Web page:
NASA just announced grants for its upcoming innovative space projects. An interesting plan in these future projects is to fit a 1-kilometer radio telescope inside a crater on the far side of the Moon.
The Lunar Crater Radio Telescope (LCRT) would be able to measure wavelengths and frequencies that can’t be detected from Earth. We cannot measure a few things because of the ionosphere obstructions and the various other bits of radio noise surrounding our planet.
If the plan and grant money can make this LCRT project a reality, it would become the largest filled-aperture radio telescope in the whole Solar System.
“LCRT could enable tremendous scientific discoveries in the field of cosmology by observing the early universe in the 10–50m wavelength band (6–30MHz frequency band), which has not been explored by humans to date,” writes robotics technologist Saptarshi Bandyopadhyay of the NASA Jet Propulsion Laboratory (JPL).
According to the plans, moon rovers would pull out a wire mesh some 1 kilometer across, inside a lunar crater that can be up to 5 kilometers in diameter. A suspended receiver at the center of the crater would complete the whole radio telescope system.
Everything is planned to be automated and is to be done without any human operators, which would, in turn, mean a lighter and less expensive payload for the project.
We are still at a very early stage of planning, and it’s not yet clear as to which crater would be used for the job, but it’s an amazing concept that we’ll be keeping an eye on in the years ahead.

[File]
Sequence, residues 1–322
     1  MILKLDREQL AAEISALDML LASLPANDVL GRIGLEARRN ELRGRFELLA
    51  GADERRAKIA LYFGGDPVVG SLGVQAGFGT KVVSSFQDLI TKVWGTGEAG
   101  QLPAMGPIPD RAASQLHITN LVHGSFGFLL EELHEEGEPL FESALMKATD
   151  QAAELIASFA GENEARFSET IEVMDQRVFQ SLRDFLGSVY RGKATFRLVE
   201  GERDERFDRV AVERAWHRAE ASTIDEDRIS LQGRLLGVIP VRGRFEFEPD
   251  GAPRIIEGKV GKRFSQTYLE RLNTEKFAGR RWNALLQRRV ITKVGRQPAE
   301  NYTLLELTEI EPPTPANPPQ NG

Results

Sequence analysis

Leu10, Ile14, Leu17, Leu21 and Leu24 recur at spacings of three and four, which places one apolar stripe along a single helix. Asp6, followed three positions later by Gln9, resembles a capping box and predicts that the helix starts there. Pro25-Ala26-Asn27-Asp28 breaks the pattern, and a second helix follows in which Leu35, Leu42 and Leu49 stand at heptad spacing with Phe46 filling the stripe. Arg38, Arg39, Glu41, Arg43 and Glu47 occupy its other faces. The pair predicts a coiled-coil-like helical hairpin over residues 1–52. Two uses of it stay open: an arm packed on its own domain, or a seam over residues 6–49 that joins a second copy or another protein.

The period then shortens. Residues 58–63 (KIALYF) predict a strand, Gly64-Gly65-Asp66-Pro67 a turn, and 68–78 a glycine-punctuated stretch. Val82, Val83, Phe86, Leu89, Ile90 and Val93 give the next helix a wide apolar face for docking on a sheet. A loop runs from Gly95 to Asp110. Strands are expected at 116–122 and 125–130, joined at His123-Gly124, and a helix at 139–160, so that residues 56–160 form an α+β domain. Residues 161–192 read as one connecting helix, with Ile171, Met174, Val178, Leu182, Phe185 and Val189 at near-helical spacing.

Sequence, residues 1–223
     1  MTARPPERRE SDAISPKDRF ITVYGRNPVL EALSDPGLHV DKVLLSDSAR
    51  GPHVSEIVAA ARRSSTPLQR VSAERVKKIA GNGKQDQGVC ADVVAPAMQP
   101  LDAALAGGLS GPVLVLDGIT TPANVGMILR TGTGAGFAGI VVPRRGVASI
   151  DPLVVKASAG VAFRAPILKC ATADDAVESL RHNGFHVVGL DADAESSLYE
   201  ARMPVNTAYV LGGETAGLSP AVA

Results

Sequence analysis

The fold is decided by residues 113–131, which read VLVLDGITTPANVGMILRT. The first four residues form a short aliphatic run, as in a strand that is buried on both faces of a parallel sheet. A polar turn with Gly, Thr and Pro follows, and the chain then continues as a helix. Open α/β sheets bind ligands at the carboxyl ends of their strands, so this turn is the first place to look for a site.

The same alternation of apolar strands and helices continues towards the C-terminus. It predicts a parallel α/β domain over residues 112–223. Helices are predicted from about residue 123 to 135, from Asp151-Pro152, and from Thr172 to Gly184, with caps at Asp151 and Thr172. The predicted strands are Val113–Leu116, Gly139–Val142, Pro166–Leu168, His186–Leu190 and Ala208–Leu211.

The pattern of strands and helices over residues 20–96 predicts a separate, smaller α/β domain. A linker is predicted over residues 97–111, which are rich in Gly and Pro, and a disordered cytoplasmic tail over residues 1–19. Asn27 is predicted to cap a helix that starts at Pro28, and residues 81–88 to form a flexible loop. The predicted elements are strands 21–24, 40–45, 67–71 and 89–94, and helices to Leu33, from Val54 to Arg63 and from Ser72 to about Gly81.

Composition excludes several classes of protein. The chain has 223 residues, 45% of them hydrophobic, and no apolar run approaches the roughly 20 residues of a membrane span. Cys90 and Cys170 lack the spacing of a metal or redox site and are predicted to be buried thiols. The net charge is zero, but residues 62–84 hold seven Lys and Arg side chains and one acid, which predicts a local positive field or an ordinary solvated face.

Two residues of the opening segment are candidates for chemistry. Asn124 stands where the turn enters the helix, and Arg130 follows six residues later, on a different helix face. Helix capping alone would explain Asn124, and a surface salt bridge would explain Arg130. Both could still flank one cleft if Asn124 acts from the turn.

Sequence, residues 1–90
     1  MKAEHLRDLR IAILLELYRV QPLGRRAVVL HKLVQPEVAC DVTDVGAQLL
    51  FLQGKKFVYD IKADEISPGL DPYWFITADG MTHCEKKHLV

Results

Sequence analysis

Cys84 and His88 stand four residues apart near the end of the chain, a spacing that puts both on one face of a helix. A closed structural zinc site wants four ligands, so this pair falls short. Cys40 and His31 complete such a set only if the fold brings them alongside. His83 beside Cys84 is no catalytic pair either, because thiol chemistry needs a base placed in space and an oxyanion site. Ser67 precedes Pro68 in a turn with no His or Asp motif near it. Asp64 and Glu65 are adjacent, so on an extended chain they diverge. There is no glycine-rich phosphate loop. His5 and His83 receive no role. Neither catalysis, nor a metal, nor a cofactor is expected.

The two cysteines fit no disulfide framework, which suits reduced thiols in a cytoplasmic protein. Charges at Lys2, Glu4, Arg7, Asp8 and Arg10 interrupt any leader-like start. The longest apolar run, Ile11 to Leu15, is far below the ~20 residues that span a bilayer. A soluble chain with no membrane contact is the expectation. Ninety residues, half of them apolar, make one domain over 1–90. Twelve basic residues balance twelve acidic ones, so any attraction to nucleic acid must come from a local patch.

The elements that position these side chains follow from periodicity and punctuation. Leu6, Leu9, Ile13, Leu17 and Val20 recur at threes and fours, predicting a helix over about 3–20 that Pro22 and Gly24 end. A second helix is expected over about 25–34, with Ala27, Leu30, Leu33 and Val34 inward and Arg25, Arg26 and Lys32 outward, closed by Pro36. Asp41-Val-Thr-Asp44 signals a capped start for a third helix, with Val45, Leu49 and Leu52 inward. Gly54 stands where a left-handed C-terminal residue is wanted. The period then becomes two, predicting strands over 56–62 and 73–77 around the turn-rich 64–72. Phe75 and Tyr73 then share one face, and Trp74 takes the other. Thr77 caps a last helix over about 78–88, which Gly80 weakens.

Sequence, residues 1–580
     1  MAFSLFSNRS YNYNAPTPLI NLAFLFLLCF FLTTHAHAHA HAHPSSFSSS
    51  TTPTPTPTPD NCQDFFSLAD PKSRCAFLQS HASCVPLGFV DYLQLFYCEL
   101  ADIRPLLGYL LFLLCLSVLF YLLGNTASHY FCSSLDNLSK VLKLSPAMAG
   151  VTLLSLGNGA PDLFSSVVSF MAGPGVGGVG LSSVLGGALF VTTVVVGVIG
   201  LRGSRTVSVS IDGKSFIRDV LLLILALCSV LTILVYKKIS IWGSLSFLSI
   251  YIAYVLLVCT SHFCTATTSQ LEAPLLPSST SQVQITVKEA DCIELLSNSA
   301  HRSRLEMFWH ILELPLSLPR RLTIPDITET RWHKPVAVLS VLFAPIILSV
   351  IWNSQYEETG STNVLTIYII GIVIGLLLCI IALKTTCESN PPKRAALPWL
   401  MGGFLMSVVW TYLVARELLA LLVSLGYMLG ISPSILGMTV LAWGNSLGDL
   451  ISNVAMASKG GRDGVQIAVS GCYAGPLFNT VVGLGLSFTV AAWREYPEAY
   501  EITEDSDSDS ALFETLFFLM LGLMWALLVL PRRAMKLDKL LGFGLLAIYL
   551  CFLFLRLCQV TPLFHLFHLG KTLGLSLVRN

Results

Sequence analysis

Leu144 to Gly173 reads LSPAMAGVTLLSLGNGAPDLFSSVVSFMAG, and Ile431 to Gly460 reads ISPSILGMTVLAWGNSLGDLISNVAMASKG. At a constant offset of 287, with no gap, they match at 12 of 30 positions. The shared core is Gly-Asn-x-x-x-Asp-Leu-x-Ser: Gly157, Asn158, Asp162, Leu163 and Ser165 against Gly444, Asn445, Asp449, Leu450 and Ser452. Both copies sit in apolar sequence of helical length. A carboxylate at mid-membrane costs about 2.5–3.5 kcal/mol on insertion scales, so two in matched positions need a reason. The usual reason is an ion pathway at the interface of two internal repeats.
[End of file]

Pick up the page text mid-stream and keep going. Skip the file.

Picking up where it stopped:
The biggest radio telescope here on Earth is the Five-hundred-meter Aperture Spherical Telescope or FAST, which has a 500 meter (1,640 foot) diameter is located in China. One the LCRT is built, it would be two times wider than FAST.
FAST has already picked up mysterious fast radio bursts or FRBs from the depths of space proving its worth. NASA hopes that LCRT would pick even more mysterious signals from deep space.
There’s now such an abundance of low Earth orbit satellites and listening to deep space from the surface of earth is becoming increasingly difficult.
Working at a low-frequency range of 6 to 30MHz, the LCRT could perhaps tell us more about the earliest days of the Universe.
China and the Netherlands already have a radio telescope on the far side of the Moon but it is a much smaller one. This telescope uses satellites to relay data back to Earth and LCRT also would do the same thing.
The team behind the concept has nine months and up to 125,000 USD to see if they can develop it further. Let’s hope they’re successful and we detect some secrets of the cosmos.
Source: NASARecommend0 recommendationsPublished in